15 Workplace Accommodations for Depression and Anxiety Relief

Mental health is a big conversation nowadays. Nowadays, more people are running themselves ragged, entering burnout, and struggling with higher levels of depression and anxiety than ever before. It’s important for businesses to place emphasis on employee mental health and help those suffering from these symptoms.

There are plenty of workplace accommodations that can be integrated to improve an employee’s mental health and well-being. Below are fifteen popular workplace accommodations for depression and anxiety relief:

1. Flexible scheduling

As mental health issues like depression and anxiety can have an effect on a person’s ability to get to work on time consistently, their manager may make concessions as to how strict they will be for an individual’s tardiness. If the lateness is within a semblance of reason (say, less than half an hour), they may choose to turn the other cheek, or let the individual know they need not stress too much about coming in on the dot.

This is one of the best workplace accommodations for depression and anxiety relief, partly because it’s so easy to implement. Managers just need to be more understanding and forgiving over lateness, as long as it is within a reasonable context.

2. Workplace attendance

Management may also allow additional time off – either half days or full days – for doctors appointments and other medical appointments. If the individual is actively trying to seek help, that support will be much appreciated.

3. Allowing more frequent breaks

An easy accommodation to make is to encourage additional breaks for individuals struggling with mental health. Recommending a short five-minute break every hour, even, can help them to reset and become more productive.

4. Seating arrangement

There may also be changes that need to occur in the person’s environment. For example, the space where they work may not be ideal for focus, so changes may need to be made in order to help them with concentration during working hours.

5. Lighting

The unnatural lighting in office spaces is often very hard on people, especially those struggling with mental health. Management could support the implementation of alternative lighting options which offer a more natural looking light.

6. Tools for limiting external distraction

External distraction can increase the amount of anxiety an individual has at work, especially if they feel they are unable to complete their tasks as a result of these distractions. Accommodations may be made for the individual to provide them with tools to decrease external distractions. These tools could include noise-cancelling headphones and the option or encouragement of closing the office door to block out other noises.

7. Tools for organization and memory

Other accommodations may be made to assist the individual with their organizational and memory skills. Anxiety and depression can really jumble up a person’s mind, and can cause short term memory problems. Tools like a white board or organizational software could be helpful for this.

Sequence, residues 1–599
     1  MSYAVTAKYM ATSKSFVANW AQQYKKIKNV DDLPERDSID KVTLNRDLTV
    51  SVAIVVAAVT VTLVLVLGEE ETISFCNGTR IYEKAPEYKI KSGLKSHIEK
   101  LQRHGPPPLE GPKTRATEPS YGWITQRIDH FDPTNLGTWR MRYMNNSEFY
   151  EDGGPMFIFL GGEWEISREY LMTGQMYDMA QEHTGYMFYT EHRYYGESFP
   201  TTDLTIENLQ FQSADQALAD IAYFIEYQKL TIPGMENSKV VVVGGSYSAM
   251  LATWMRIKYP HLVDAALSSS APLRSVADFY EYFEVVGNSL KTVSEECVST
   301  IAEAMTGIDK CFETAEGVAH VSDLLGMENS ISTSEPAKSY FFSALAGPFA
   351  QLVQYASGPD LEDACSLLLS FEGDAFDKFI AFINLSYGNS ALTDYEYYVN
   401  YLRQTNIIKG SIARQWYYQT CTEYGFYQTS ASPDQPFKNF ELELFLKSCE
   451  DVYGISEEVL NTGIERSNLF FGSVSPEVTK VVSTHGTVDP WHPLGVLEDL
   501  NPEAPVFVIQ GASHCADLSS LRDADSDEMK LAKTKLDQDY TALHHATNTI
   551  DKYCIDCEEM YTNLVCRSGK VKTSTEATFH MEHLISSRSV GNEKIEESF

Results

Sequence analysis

8. Additional time to organize and understand tasks

While someone who is well may be able to take vague and quickly delivered tasks and turn it into productive work, someone who is struggling with anxiety or depression may not. Accommodations made to provide individuals with extra explanation and time to understand the tasks they are expected to complete is a good way to help.

9. Flexible work environment

Allowing individuals struggling with mental health issues to work from home, or telework, is another way to allow them to be in a comfortable environment while they work towards getting well. However, teleworking can also backfire as it may be more difficult to track tasks completed.

10. Additional feedback

Offering more feedback than normal, especially positive feedback can greatly assist individuals who are struggling with mental health. In addition, offering constructive and detailed feedback for tasks that were not well done is important in helping the person to do better and feel more confident.

11. Frequent check-in meetings

Management may want to set up short 10-minute check-in meetings once a week or even twice a week to help keep the person accountable and moving forward with their work. One of the best methods for helping individuals struggling with anxiety or depression is to work with them, not let them float on their own.

12. Management approaches

Management should also take a good look at their own approaches, and possibly try some different ones if they find that their current approaches aren’t super effective. They can try alternative methods and see what works best.

13. Decrease in responsibilities

Another effective accommodation is to decrease the number of responsibilities that person must take care of. In doing so, the person will hopefully be able to get a better grasp on their work life, which can help to decrease the pressure they have going on in their life in general.

14. Retraining and reorientation

If the individual has to take a leave of absence, it is important that they be given the opportunity to retrain and reorient themselves once they return. It is possible that coming back and trying to remember everything will cause more anxiety and stress.

15. Increased support for relearning

Another accommodation for those who have just returned from an extended leave of absence is to provide additional support for their relearning and retraining. This could include one-on-one training, or just the allowance of more time to understand each task before moving on to the next thing.

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